You are on page 1of 17

!

!

"#$%!&'%()'(!

How to build a Hydraulic Ram Pump
By Seth Johnson – Land To House™ Version 1.0

History:
A man named John Whitehurst first created the Hydraulic Ram Pump in 1772. That means that this ingenious little pump is over 240 years old at the time of this writing. Several design improvements have been made over the years but the basic concept has stayed the same.

Technical stuff (if you don’t like technical feel free to skip this):

The hydraulic ram pump works because of a pressure wave that builds up and then passes. Two moving parts called one-way valves or check valves create this pressure wave. Water moves through a pipe known as a drive pipe to the pump system and flows out of the first check valve until the pressure reaches a value that causes the check valve to slam close. A burst of water is sent back up the pipe creating the pressure wave. When the valve closes a small percentage of water is forced into the second check valve. A pressure tank located behind the second check valve forces the water out a pipe known as the delivery pipe. This pipe is what carries water to the desired destination.

*+(,!-'!.'/)#0!

!

!!!!!*+(,-'.'/)#12'3!45678!!!!9!7!

!

!

"#$%!&'%()'(!

The pressure wave that is needed to get the system working correctly will not work well if the drive pipe is less than 15 feet. The pressure wave is sent back up the pipe and then out the end, thus the system does not work well or at all. This means that the drive pipe must be longer than 15 feet. Depending on the distance that the water needs to travel to achieve the desired drop (feet of head) it might be necessary to add what is called a standpipe. Because there will be a shockwave in the system that travels up the drive pipe, the drive pipe cannot be more than approximately 100 feet long. If the drive pipe is longer than that, the shockwave will be reduced because of the pressure of the water in the pipe and the distance that the wave has to travel. If the feet of head that you need cannot be achieved in the 100 feet of drive pipe then place a standpipe at the 100 foot mark from the pump system. Make sure that the pipe stands to a height of one foot above the height of the source intake. Adding this pipe at the end of the suggested drive pipe range will let the shockwave travel up the standpipe and not be dissipated out the length of the drive pipe. If the shockwave were allowed to continue up the pipe it would take so long to return to the pump system that it would not be an effective pump. If you have the required amount of feet of head to reach the pumping destination within 100 feet of drive pipe then you will not need a stand pipe. The pump can only move water up hill within its limits. For every foot of head that falls into the pump system seven feet of lift can be achieved. For instance if 5 feet of water falls into the pump then the water will lift 35 feet high. The rate of flow will increase as the feet of head increases. There are several equations that will help you determine the results that you can expect from your pump but this “how to” does not cover them. Check below to see a chart of results from this build. To find out more results from this pump check out the videos under: http://www.LandToHouse.com/rampump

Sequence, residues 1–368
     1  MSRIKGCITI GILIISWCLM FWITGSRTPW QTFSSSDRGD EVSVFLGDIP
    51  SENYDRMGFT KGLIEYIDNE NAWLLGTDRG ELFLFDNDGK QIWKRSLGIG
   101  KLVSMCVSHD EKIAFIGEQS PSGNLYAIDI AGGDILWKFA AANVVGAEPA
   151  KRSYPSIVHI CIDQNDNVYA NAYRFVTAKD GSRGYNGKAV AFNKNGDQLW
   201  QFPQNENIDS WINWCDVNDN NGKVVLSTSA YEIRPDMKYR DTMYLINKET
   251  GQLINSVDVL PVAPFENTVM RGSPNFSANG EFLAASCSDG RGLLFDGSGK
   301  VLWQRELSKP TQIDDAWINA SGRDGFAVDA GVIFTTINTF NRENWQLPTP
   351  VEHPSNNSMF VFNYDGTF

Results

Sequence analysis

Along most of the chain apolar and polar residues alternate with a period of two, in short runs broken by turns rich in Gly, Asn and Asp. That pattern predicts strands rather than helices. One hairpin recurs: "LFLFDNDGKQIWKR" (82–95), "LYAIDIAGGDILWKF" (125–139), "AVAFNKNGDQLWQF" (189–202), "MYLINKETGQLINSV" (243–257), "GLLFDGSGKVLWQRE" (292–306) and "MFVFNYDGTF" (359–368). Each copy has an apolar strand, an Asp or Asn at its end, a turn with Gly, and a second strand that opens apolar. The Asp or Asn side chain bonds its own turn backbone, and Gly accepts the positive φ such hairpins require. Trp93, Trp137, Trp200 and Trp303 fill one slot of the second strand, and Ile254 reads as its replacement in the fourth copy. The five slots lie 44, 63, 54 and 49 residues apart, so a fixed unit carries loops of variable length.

*+(,!-'!.'/)#0!

!

!!!!!*+(,-'.'/)#12'3!45678!!!!9!5!

!

!

"#$%!&'%()'(!

Notes: